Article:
One day this week, I joined my neighbor and his friends for an evening on a pontoon boat on Medicine Lake in Plymouth, MN. There’s one guy in this crew that I particularly enjoy, because he doesn’t shy away from conversations about real, important things in life and not just surface-level discussions about football or farts. And so I was talking to this guy about parenting, about what it’s like raising kids today, about goal-setting, and about dealing with all the challenges of trying to be a good dad, have a healthy relationship with your partner, and also trying to live your own life. He shared personal, sometimes painful details of his life, and I held space for the pain, and then would gently offer a follow up question to unpack it further. Toward the end of the discussion, he pulled a right turn and asked me, “Do you go to therapy? You’re using a lot of therapy speak.”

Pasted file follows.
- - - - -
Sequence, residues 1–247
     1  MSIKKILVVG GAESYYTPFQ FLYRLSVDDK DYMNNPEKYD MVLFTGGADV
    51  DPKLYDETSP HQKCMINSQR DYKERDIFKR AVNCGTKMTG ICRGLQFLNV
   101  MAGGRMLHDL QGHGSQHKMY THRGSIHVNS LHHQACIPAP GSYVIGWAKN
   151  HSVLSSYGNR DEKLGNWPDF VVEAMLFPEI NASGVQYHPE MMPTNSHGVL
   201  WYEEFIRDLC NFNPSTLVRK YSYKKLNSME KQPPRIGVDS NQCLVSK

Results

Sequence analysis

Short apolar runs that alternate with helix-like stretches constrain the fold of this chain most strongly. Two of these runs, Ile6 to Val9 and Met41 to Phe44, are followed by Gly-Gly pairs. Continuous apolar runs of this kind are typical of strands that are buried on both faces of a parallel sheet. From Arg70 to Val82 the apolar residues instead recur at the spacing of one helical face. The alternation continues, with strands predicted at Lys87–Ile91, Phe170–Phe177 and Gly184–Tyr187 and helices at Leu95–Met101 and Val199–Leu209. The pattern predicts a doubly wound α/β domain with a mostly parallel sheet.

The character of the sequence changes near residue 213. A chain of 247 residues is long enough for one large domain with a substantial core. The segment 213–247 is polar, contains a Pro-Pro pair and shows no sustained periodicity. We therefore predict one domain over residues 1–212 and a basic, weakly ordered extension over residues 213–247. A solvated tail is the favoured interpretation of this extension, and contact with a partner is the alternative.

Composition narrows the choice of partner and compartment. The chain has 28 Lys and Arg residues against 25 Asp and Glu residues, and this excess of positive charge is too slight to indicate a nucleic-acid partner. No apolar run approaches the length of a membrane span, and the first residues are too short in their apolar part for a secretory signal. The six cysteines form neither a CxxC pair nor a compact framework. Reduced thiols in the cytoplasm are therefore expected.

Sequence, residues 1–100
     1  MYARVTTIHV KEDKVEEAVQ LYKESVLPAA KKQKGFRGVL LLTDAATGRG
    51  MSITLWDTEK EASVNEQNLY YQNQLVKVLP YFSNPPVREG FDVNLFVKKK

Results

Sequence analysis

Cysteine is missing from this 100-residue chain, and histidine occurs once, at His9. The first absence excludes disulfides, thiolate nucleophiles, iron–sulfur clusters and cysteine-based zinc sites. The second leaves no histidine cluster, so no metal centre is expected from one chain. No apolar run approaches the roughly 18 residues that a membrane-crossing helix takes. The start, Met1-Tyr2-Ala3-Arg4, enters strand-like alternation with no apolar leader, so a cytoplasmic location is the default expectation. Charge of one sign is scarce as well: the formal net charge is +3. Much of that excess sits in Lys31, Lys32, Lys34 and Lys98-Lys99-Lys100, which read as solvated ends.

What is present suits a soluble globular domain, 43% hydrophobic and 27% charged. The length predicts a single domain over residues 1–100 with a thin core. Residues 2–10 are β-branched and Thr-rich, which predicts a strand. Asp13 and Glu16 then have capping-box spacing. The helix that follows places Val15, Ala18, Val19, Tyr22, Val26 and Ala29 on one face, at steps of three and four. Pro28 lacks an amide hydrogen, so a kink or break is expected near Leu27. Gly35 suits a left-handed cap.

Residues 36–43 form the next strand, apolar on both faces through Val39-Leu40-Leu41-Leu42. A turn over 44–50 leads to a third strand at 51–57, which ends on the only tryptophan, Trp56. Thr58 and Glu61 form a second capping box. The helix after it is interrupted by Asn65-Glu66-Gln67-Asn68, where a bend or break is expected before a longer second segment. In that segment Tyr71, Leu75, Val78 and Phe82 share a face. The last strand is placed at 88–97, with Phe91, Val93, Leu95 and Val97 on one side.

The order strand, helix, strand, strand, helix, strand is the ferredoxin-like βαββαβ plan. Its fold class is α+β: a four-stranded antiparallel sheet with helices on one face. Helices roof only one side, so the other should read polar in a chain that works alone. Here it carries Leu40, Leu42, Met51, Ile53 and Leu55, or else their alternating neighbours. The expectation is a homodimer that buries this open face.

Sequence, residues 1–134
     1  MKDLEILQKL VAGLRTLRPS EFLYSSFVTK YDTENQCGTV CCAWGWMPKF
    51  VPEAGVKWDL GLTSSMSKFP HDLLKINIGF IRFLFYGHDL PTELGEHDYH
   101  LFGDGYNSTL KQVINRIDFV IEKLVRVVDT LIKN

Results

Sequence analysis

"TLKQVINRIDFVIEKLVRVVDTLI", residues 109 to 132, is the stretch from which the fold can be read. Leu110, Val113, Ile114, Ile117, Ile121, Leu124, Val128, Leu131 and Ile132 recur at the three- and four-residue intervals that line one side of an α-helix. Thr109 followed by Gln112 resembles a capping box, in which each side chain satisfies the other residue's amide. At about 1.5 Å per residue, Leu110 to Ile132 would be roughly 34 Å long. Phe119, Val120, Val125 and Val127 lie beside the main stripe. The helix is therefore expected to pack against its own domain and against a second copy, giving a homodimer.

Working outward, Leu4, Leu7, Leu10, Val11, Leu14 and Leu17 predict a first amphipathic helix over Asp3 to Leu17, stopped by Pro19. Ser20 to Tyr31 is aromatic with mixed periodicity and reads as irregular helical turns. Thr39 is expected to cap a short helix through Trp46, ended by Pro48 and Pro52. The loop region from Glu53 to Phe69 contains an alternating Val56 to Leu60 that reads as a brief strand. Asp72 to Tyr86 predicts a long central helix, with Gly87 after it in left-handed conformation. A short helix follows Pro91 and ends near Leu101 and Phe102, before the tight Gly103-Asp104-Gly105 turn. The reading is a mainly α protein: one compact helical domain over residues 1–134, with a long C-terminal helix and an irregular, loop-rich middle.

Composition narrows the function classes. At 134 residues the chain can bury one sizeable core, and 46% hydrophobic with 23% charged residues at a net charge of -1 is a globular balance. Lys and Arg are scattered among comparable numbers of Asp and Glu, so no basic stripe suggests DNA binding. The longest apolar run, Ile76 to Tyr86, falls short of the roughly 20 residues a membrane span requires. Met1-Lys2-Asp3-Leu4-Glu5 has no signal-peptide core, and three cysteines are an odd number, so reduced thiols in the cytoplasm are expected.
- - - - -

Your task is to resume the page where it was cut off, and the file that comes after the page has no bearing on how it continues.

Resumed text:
What’s most interesting to me about this comment is not that I do not go to therapy, but that I took his comment as a compliment. My initial reaction was a feeling of pride and gratitude for being secure enough with my own feelings that I was able to be a witness for someone else’s pain. It makes me wonder what I could do if I wasn’t a few pale ales deep on a pontoon full of dudes. I also realize that healing can happen anywhere, so long as I create the space for it.